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Great Speeches: Logos, Ethos, and Pathos
Meredith Muelleron 26 March 2013
Transcript of Great Speeches: Logos, Ethos, and Pathos
SOCIAL JUSTICE For example: Winston Churchill's "Finest Hour" Speeches are powerful,
during wartime or for the sake
of social justice.
When logical reasoning,
emotional appeal, and credibility
are all utilized,
their power is limitless. Throughout history, the world has been dramatically changed by speeches that included
all three of Aristotle's modes of persuasion:
logos, pathos, and ethos (Fritsch). For example, Susan B. Anthony's speech
"On Woman's Right to Suffrage" contains: logos pathos ethos other influential wartime speeches include
Patrick Henry's "Give Me Liberty or Give Me Death" and Abraham Lincoln's Gettysburg Address logos pathos ethos other famous speeches for social justice include:
Martin Luther King Jr.'s "I Have a Dream" 1. "We have, therefore, in this Island today a very large and
powerful military force" (Copeland 441). 2. [in summary] Concerning a large-scale sea invasion, the British Navy is now ready, trained, and capable of meeting it. "There should be no difficulty in this, owing to our great superiority at sea" (443). 3. "It seems quite clear that no invasion on a scale beyond the capacity of our land forces to crush speedily is likely to take place from the air until our Air Force has been definitely overpowered. But we have a very powerful Air Force which has proved itself far superior in quality,
both in men and in many types of machine" (443). 4. [in summary] We have the defensive advantage and will therefore fight more efficiently than we did in Dunkirk (444). 6. [in summary] The winter will be very difficult
for the German forces (445). 5. [in summary] We have the United States' support (445). "Much will depend upon this; every man and every woman will have the chance to show the finest qualities of their race, and render the highest service to their cause" (445). "Hitler knows that he will have to break us in this Island or lose the war. If we can stand up to him, all Europe may be free and the life of the world may move forward into broad, sunlit uplands. But if we fail, then the whole world, including the United States, including all that we have known and cared for, will sink into the abyss of a new Dark Age made more sinister, and perhaps more protracted, by the lights of perverted science. Let us therefore brace ourselves to our duties,
and so bear ourselves that if the British Empire and its
Commonwealth last for a thousand years,
men will still say,
'This was their finest hour'" (446). Winston Churchill served as Secretary of
State for War and Air as well as
First Lord of the Admiralty during WWI,
and as England's Prime Minister during WWII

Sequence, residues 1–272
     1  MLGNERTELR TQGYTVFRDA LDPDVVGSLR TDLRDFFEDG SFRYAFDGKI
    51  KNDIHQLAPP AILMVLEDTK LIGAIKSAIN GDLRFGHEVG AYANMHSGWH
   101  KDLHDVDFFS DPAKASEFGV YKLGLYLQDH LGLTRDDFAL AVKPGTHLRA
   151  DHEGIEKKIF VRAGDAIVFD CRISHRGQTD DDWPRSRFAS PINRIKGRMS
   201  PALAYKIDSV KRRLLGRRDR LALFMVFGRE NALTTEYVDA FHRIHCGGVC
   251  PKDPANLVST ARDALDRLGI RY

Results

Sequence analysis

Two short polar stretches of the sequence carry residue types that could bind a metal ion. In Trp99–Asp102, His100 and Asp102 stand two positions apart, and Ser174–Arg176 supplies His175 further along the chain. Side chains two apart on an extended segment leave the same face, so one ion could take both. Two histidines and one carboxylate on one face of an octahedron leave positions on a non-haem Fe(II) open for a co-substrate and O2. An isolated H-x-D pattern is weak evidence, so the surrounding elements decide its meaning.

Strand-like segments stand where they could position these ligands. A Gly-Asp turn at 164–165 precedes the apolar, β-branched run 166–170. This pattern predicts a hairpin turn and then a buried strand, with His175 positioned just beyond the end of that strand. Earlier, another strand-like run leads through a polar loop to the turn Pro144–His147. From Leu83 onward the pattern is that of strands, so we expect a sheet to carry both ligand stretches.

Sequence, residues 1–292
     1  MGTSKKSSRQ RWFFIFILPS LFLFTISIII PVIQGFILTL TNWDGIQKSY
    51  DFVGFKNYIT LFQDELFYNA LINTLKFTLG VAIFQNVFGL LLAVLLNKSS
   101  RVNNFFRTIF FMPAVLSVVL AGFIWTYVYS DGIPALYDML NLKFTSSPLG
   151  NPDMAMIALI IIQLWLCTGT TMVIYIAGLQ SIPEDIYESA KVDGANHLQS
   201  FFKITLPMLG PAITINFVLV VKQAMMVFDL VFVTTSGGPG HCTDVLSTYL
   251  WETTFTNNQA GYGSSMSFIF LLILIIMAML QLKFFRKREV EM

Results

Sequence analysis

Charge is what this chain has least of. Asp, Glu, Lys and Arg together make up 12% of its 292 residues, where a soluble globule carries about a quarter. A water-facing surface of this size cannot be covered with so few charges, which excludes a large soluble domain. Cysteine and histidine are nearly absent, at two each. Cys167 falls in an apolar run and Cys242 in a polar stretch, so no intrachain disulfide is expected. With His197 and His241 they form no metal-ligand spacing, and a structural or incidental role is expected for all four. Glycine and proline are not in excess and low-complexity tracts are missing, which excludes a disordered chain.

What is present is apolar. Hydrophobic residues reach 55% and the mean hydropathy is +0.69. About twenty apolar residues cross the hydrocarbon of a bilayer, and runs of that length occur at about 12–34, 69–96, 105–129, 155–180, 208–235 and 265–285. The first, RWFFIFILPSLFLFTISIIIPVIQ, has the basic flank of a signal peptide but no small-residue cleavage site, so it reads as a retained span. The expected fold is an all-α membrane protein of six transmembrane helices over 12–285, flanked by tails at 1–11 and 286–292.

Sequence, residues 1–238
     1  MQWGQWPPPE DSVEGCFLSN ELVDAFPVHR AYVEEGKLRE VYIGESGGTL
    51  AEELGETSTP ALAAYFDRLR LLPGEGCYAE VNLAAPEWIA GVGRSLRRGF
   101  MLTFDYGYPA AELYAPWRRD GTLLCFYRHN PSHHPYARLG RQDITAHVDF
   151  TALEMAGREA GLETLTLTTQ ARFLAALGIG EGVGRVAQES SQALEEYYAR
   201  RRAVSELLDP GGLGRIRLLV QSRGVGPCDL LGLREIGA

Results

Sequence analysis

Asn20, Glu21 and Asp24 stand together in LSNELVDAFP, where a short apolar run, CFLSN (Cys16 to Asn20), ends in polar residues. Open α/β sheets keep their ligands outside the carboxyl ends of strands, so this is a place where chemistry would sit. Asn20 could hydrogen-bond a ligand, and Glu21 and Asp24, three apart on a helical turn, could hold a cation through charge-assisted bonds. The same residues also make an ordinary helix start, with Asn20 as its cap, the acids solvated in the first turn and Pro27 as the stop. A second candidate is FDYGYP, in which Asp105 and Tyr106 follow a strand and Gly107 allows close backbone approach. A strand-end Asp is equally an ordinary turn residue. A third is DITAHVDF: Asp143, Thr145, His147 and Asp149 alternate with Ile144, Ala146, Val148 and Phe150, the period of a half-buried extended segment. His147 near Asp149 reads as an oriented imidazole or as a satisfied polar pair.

("Winston Churchill Biography") Churchill is realistic and honest,
making him trustworthy to the British people:
"There remains, of course, the danger of bombing attacks... It is true that the German bomber force is superior in numbers to ours...
I do not at all underrate the severity of
the ordeal which lies
before us" (444). “It was we, the people; not we, the white male citizens...
but we, the whole people, who formed the Union”
(Copeland 321). “For any state to make sex a qualification that must ever result in the disfranchisement of one entire half of the people, is to pass a bill of attainder, or, an ex post facto law, and is therefore a violation of the supreme law of the land...this government has no just powers derived from the consent of the governed...this government is not a democracy.” (321). “Webster, Worcester, and Bouvier all define a citizen to be a person in the United States, entitled to vote and hold office…Are women persons? ... Being persons, then,
women are citizens…Hence, every discrimination
against women in the constitutions
and laws of the several states
is today null and void” (322). “By it the blessings of liberty are forever withheld from women and their
female posterity” (321). “It is an odious aristocracy; a hateful oligarchy of sex; the most hateful aristocracy ever established on the face of the globe…
but this oligarchy of sex…ordains all men sovereigns, all women subjects, carries dissension, discord, and rebellion
into every home of
the nation” (322). Anthony cites widely esteemed and accepted sources, including the United States Constitution, Webster’s Dictionary, and popular political theory,
as originated by John Locke.
Anthony begins her argument by
reading an excerpt from the
Preamble of the Constitution. A vast majority of the world's great speeches
have been made during times of war
or for the sake of social justice. LOGOS
The organization/ structure of one's argument (Fritsch) PATHOS
Greek word for "suffering" (Fritsch) ETHOS
The author's credibility
Greek word, meaning "character" (Fritsch) the end. works cited Lewis, Copeland, and Lamm W. Lawrence, eds. "Susan B. Anthony "On Woman's Right to Suffrage"" 1999. The World's Greatest Speeches. 3rd ed. Mineola, NY: Dover Publications, 1999. N. pag. Print. Lewis, Copeland, and Lamm W. Lawrence, eds. "Winston Churchill "Finest Hour"" 1999. The World's Greatest Speeches. 3rd ed. Mineola, NY: Dover Publications, 1999. N. pag. Print. Fritsch, Brad, Mr. "Rhetoric: A Brief History." English Composition I. Ridgway Secondary School, Ridgway, CO. 10 Sept. 2012. Lecture. "Winston Churchill Biography." Biography. A & E Television Networks, LLC, 2013. Web. 26 Mar. 2013. Churchill, Winston, Sir. Speech. Finest Hour. House of Commons, London. 18 June 1940. The History Place. Web. 26 Mar. 2013.